Abstract

Pollen analysis of three sections from the Grizzly Creek basin, Yukon Territory was undertaken in order to reconstruct the paleoecology of the region over the last two millennia.Diagrams for two sites show three well defined pollen zones, whose boundaries are based on fluctuation of pollen spectra. The oldest zone corresponds to vegetation comparable to that of the present and a climate similar to or a little colder than the present climate. In zone 2, the strong decline of Picea is interpreted as a break in pollen production caused by a decrease in precipitation and a warming of the climate. The forest survived for several centuries in a state of degeneration, which favoured the development of a stratum of shrubs and herbaceous plants. Zone 3 reflects a return to vegetation and to climatic conditions similar to those of zone 1.The positions of two layers of volcanic ash, dated at approximately 1230 and 1890 years BP and corresponding to two lobes of White River Ash, indicate the rhythm of sedimentation. The presence of loess in the sediments helps explain the great accumulation of sediment before 1250 years BP and supports an increase in aridity during this period. The pollen record also suggests that the deposition of volcanic ash had an influence on the geomorphological evolution of the area.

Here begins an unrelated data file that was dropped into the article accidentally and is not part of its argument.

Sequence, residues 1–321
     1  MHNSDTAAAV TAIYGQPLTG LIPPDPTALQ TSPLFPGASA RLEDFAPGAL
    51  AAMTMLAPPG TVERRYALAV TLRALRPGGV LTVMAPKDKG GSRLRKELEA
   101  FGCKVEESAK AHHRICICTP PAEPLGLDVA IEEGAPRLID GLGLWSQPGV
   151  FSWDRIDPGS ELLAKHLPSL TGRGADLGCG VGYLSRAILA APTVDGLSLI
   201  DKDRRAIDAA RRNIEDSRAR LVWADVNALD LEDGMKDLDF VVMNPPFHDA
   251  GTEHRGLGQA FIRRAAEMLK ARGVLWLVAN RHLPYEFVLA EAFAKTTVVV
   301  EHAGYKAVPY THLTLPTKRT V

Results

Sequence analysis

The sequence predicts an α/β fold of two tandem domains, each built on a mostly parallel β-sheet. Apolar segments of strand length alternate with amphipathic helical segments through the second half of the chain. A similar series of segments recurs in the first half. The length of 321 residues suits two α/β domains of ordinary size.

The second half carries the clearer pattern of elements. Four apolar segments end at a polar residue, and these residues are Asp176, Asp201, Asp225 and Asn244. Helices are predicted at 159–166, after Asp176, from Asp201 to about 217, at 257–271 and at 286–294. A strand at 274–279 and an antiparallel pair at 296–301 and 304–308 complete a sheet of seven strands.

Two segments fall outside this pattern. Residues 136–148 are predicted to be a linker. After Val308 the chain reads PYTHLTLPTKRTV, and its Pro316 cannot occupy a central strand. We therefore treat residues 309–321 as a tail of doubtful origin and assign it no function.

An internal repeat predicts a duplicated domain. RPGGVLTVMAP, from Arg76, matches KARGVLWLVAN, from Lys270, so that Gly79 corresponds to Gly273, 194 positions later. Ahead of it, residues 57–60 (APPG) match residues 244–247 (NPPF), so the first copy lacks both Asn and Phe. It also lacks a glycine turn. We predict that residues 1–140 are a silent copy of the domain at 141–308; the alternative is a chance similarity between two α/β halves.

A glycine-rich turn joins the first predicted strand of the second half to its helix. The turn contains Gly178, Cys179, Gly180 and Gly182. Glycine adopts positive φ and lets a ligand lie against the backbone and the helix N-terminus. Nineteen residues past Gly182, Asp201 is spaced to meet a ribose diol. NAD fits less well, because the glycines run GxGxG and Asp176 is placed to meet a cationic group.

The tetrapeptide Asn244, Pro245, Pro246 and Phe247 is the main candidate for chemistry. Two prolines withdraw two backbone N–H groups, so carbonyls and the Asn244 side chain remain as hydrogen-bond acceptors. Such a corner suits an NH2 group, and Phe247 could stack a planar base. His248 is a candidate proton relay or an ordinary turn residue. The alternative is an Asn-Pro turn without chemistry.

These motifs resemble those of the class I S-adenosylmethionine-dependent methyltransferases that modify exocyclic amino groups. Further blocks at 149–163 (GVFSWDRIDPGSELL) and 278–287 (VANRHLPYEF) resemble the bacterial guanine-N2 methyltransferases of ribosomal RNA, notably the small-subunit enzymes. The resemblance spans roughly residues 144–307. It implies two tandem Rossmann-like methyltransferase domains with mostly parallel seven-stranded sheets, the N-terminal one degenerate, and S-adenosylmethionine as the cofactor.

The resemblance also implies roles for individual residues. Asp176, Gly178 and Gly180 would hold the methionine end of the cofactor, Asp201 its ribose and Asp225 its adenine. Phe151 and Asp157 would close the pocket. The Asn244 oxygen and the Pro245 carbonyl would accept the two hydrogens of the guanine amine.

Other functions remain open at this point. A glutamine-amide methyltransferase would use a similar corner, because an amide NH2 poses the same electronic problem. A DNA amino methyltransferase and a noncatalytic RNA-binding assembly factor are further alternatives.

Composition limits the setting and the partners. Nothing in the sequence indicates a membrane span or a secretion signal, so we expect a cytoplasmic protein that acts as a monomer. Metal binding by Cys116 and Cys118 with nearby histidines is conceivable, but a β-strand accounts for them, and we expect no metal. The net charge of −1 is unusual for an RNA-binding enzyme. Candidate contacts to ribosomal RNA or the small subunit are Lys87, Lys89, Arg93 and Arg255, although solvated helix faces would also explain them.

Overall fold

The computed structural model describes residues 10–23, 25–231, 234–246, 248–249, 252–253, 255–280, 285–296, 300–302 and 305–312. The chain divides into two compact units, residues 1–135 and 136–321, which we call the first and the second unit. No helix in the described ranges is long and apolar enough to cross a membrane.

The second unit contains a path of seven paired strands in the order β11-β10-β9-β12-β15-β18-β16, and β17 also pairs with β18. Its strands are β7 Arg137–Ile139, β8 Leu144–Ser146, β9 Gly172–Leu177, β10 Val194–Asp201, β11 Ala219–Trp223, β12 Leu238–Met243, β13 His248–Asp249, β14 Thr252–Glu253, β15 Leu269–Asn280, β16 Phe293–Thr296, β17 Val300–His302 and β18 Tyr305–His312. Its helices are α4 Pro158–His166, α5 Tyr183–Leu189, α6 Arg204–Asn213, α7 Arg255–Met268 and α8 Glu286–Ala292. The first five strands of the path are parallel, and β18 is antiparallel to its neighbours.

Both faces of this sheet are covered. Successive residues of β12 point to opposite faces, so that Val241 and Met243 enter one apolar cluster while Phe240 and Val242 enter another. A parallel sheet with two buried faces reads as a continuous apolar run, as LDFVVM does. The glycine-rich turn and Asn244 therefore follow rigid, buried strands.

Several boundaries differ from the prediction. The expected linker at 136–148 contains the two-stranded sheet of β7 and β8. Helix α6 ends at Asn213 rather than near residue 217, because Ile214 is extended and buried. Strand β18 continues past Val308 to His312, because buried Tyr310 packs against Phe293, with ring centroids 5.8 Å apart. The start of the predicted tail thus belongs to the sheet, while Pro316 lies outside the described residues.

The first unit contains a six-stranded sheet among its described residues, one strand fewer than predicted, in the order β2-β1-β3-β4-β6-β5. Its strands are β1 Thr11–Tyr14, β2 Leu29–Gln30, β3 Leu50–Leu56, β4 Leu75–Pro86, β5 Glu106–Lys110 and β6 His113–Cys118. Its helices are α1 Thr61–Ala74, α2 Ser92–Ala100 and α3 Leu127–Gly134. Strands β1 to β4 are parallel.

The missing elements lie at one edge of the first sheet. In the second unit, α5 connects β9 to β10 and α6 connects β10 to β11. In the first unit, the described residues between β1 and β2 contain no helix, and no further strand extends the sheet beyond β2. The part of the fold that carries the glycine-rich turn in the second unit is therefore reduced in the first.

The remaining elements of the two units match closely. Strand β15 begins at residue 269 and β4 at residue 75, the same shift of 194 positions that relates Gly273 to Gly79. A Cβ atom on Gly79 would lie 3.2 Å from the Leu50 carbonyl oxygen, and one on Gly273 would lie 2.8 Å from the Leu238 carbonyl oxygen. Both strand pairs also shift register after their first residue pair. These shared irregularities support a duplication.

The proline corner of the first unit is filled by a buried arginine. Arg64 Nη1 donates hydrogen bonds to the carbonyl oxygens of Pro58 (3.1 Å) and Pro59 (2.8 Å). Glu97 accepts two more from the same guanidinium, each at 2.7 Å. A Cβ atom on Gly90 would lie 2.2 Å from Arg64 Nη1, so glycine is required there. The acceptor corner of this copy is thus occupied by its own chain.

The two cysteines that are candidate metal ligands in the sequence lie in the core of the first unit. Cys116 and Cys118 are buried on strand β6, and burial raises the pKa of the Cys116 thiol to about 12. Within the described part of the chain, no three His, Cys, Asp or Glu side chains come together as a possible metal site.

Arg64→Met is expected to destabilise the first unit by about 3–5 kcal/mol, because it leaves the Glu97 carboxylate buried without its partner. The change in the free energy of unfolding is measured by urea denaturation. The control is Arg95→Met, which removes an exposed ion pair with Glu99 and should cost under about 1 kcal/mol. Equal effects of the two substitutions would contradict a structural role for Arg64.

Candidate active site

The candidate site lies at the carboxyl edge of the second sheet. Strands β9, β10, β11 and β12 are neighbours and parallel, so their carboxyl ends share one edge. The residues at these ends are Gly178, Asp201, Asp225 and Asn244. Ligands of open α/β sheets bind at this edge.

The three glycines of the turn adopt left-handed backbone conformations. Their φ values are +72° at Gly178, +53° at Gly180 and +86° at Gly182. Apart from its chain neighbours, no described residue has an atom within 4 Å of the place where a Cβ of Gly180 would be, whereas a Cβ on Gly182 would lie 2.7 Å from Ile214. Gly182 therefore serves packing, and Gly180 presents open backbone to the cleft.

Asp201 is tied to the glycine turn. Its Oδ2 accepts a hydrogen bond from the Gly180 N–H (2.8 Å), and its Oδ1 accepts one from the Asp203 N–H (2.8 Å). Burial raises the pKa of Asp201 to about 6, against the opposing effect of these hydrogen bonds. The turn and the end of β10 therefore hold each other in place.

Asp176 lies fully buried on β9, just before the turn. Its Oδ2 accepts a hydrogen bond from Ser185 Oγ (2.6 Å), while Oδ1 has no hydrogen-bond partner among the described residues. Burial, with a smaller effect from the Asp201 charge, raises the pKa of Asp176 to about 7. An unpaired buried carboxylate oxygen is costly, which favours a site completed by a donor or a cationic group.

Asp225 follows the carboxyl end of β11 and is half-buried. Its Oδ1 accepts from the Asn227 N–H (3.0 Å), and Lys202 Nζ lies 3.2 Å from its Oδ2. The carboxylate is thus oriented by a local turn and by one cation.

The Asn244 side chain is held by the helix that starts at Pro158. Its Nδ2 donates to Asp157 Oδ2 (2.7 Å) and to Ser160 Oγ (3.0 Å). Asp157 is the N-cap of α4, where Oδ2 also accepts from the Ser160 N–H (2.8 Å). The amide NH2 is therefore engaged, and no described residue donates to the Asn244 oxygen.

You do not currently have access to this article.